Using a guarantor for your NYC apartment rental

I'm 26, working at Goldman Sachs, and I need a...what?

If you are a renter in New York City, you may need the help of a guarantor to rent your apartment. Guarantors are like "silent backers" in renting an apartment - they act as co-signors when you are signing your lease to provide extra "insurance" that your rent will be paid to a lessor. You might be in need of a guarantor if:

  • You are just beginning a first job
  • You are just beginning a new job and don't have a previous employment record with the company
  • You make less than the "income threshold" for the apartment (typically, 40-50x the monthly rent)
  • You have little savings
  • Your credit score could use some improvement or work

A guarantor typically has a stronger record than the person signing the lease, and typically has a higher level of income than the lessee (a typical multiple is about 80x the rent, though the number could be much higher).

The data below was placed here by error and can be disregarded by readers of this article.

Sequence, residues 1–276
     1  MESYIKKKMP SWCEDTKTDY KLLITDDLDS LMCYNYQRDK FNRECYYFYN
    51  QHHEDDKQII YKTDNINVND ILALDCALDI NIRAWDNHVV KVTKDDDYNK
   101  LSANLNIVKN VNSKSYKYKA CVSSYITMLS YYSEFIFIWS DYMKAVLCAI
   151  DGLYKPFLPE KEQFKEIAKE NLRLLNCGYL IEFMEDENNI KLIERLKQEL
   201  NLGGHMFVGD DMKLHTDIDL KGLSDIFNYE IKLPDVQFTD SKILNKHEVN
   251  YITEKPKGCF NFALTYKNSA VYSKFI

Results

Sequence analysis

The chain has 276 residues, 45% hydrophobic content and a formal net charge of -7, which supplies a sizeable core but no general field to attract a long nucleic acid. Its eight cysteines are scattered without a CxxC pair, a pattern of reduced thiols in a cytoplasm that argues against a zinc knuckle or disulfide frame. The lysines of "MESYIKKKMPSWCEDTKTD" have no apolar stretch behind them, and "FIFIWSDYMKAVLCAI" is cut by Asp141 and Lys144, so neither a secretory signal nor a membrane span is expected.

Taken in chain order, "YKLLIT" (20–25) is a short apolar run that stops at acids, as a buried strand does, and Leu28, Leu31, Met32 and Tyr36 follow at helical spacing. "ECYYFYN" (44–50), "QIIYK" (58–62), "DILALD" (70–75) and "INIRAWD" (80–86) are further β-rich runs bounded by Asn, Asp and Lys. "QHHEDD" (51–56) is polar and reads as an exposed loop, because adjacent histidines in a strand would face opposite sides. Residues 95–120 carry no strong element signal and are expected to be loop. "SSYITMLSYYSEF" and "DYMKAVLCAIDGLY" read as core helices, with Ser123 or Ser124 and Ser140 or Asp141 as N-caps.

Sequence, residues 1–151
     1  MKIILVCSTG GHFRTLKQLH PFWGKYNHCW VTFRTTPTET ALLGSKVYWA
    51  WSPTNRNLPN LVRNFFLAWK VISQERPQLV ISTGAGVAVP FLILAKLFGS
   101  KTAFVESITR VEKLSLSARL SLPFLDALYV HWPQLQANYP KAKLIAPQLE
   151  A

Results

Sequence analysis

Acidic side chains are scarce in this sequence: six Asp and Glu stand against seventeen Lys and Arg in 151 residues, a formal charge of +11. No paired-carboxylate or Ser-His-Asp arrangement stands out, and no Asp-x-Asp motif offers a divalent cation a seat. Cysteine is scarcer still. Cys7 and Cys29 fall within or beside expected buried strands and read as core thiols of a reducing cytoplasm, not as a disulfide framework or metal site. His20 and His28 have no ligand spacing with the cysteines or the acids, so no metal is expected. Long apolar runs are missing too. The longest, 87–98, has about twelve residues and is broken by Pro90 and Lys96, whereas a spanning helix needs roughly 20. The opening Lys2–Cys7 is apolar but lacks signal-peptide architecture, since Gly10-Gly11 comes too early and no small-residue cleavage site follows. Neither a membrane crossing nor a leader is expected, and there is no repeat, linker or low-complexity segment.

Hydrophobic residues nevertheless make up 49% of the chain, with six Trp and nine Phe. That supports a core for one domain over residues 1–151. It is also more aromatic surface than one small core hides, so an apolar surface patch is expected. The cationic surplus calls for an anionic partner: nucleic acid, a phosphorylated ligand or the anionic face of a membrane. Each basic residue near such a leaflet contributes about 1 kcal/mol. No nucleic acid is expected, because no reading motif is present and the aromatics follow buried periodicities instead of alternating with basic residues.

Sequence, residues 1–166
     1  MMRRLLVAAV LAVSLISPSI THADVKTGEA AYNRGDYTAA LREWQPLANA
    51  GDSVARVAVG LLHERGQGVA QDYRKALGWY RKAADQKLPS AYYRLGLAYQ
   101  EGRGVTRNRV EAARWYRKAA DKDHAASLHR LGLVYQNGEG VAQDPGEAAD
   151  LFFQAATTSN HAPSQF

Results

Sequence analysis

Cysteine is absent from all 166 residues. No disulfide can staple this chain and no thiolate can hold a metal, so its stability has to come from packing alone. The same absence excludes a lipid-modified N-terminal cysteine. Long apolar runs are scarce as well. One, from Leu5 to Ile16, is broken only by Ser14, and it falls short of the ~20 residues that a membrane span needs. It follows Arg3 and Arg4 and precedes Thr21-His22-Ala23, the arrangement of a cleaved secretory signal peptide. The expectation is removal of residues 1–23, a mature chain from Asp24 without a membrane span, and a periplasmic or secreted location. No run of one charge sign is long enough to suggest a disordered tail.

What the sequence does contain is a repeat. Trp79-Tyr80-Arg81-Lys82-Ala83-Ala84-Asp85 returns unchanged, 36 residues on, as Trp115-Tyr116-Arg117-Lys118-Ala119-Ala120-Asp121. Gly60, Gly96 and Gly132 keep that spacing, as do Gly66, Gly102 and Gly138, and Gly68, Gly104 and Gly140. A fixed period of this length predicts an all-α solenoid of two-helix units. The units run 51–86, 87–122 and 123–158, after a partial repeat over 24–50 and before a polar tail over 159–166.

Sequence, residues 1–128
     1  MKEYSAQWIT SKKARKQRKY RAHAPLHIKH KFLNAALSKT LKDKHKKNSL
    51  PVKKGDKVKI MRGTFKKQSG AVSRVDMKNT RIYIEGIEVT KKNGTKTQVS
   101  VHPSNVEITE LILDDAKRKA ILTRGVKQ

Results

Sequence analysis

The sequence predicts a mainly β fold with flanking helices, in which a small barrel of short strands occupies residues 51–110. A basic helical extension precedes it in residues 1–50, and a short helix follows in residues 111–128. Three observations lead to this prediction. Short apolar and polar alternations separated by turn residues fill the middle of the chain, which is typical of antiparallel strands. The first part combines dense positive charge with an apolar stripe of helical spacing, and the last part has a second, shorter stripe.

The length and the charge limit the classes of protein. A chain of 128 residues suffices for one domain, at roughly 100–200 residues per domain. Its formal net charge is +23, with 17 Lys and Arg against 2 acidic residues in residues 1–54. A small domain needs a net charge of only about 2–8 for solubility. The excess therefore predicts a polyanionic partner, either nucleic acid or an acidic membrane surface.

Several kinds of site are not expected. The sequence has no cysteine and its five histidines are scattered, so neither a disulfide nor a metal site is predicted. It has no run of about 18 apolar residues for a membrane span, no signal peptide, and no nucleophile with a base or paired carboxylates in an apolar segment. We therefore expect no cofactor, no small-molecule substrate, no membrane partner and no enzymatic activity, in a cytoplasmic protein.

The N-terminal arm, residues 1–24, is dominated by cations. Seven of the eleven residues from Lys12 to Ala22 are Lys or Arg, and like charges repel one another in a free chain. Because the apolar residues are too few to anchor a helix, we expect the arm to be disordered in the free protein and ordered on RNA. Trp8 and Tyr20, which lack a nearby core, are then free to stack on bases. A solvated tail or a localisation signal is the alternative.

How does the guaranteeing process work?

In most cases, a guarantor and the lessor of an apartment co-sign the lease as if they were both "tenants" in the apartment. The guarantor signs as a lessee of the apartment and agrees to all obligations and promises that the actual lessee(s) of an apartment agree to.

Like the lessee, the guarantor will likely also have to provide documentation and paperwork proving that they are in a financial position to guarantee the apartment. (For more information on the documentation needed, please see Required Documents and Paperwork for Renting an NYC Apartment.)

As a guarantor, what should I be aware of?

If you have been asked to guarantee a lease, remember that you are "joint and severally" liable for the same things as all actual tenants of the apartment. This means you are on the hook for any rent payments missed, liable for any damages to the apartment, and any obligations that the tenants did not uphold. Because of this, you should only guarantee leases of those you completely trust to live up to their end of the bargain.

More by this Author


Comments

No comments yet.

    Sign in or sign up and post using a HubPages Network account.

    0 of 8192 characters used
    Post Comment

    No HTML is allowed in comments, but URLs will be hyperlinked. Comments are not for promoting your articles or other sites.


    Click to Rate This Article
    working